By the time their babies were 6 months old, only 32 percent of women were still breast-feeding in 1999, compared with 43 percent in 2005-06. And by the time the babies were 1 year old, the number had declined even further: to 15 percent in 1999 and 22 percent in 2005-06.

"We have come a long way in helping moms start," Geraghty said, but "those are still pathetic numbers."

The American Academy of Pediatrics and the World Health Organization recommend that mothers exclusively breast-feed their infants for the first six months of life and then continue the practice with other nutrition thereafter.

But just 12.3 percent of mothers exclusively breast-fed their babies for the first six months of life in 2005, according to the CDC.

Breast-feeding has been shown to benefit both babies and mothers. Breast-fed babies, for instance, have a lower risk for sudden infant death syndrome, diabetes, obesity and asthma. And by breast-feeding, women can reduce their risk for ovarian and breast cancer along with hip fractures and osteoporosis later in life.

But there are obstacles to getting more women to breast-feed. A big one, according to Geraghty, is the American "culture of maternal-infant separation," which she said is partly driven by women working and going to school. Also, many hospitals separate mothers and babies.

"If you want to be successful with breast-feeding, you need to keep the mother and baby together as much as possible," said Dr. Michael Giuliano, director of neonatology at Hackensack University Medical Center in New Jersey. "There are routines in hospitals that do not do that very well."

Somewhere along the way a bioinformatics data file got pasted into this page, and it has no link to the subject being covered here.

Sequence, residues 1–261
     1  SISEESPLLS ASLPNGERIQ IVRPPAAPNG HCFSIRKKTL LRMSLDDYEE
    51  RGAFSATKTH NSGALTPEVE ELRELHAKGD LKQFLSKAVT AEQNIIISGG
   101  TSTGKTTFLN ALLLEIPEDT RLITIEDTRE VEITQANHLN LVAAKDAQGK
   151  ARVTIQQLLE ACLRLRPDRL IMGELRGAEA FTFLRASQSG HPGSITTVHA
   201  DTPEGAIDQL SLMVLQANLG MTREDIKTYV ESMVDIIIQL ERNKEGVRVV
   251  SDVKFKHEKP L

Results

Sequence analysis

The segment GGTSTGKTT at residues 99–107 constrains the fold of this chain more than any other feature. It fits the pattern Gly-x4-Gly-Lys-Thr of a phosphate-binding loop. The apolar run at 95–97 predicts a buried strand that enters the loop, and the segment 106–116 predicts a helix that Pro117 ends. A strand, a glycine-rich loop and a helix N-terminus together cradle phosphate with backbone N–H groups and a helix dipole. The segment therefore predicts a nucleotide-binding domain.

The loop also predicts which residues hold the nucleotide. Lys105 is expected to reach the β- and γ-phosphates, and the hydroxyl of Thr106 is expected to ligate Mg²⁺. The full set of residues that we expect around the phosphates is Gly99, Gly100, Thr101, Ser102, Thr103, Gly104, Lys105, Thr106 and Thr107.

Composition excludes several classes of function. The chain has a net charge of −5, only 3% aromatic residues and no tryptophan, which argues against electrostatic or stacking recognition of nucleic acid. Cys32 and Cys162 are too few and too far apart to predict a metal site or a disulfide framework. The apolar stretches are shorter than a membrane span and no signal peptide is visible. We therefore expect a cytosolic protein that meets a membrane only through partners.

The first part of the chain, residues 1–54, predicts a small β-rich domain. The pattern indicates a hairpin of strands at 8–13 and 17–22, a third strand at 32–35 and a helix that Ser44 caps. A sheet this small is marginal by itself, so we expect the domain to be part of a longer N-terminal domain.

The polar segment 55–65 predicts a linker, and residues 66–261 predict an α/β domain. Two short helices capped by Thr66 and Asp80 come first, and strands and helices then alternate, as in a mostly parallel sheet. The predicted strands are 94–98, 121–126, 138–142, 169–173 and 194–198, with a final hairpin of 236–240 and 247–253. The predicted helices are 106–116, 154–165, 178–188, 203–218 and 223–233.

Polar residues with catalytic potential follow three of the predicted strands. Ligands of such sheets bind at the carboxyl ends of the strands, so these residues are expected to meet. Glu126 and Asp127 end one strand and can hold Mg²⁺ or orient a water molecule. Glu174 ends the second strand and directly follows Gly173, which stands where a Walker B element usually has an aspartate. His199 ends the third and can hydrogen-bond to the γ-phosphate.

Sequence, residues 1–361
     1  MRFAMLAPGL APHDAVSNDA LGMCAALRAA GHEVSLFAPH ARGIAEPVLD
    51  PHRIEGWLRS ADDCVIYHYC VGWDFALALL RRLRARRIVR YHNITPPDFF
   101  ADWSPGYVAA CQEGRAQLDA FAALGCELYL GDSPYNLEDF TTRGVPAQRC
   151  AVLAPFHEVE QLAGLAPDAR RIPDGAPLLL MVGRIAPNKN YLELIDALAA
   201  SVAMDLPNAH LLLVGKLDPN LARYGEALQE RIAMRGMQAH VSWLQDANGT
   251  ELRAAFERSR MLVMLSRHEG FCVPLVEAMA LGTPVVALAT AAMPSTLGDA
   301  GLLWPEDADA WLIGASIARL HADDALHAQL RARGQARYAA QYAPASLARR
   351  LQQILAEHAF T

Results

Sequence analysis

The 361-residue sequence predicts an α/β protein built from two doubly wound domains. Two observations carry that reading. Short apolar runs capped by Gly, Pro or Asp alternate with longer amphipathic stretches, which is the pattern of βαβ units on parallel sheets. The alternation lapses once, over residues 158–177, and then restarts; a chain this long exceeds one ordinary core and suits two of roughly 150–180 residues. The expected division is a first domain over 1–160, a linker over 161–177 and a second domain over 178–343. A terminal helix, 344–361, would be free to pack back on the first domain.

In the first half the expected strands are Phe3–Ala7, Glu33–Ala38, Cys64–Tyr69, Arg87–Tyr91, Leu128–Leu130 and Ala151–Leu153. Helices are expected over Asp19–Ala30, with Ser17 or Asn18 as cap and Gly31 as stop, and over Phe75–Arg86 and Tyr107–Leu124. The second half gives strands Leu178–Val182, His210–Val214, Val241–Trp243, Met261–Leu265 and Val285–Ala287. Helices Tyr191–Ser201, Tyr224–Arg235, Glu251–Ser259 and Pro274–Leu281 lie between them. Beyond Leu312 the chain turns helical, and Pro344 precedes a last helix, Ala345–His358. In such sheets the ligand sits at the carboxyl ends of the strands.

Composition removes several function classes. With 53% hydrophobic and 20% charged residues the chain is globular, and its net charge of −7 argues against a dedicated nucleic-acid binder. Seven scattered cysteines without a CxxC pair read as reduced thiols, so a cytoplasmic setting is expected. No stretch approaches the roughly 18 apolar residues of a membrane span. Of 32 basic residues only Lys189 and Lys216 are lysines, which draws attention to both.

Most women of childbearing age in the United States now work, and some women return to their jobs as early as six weeks after their baby is born. That can interfere with breast-feeding, Geraghty said, because "it can take a month to six weeks just to establish breast-feeding."

To deal with this, women sometimes "pump" their own breast milk so their babies can be given breast milk while they are at work, but this can be difficult for some.

"Pumps are expensive, and often people don't have a place to pump at work," Geraghty said.

In addition, many women becoming mothers today were not breast-fed as babies, nor did they see their mothers breast-feeding siblings, so they have few role models. "Women are just starting from scratch, and that's very hard," Geraghty said. "You add all of that together, and women are having such a challenging time."

Giuliano seemed to agree. "Lots of moms have difficulties breast-feeding, and most don't have three generations of family members around to help them," he said. "We've found that lots of mothers need support, and that takes lots of time and specialized training. Our institution has just hired another lactation specialist."

The goal, Geraghty said, is for "moms to breast-feed as long as they can and ... to have a good experience."

More information

The American Academy of Pediatrics has more on breast-feeding.

Author: By Amanda Gardner
HealthDay Reporter

SOURCES: Sheela R. Geraghty, M.D., medical director, Center for Breastfeeding Medicine, Cincinnati Children's Hospital Medical Center, Cincinnati; Michael Giuliano, M.D., chief, neonatology, Hackensack University Medical Center, Hackensack, N.J.; American Academy of Pediatrics, Elk Grove Village, Ill.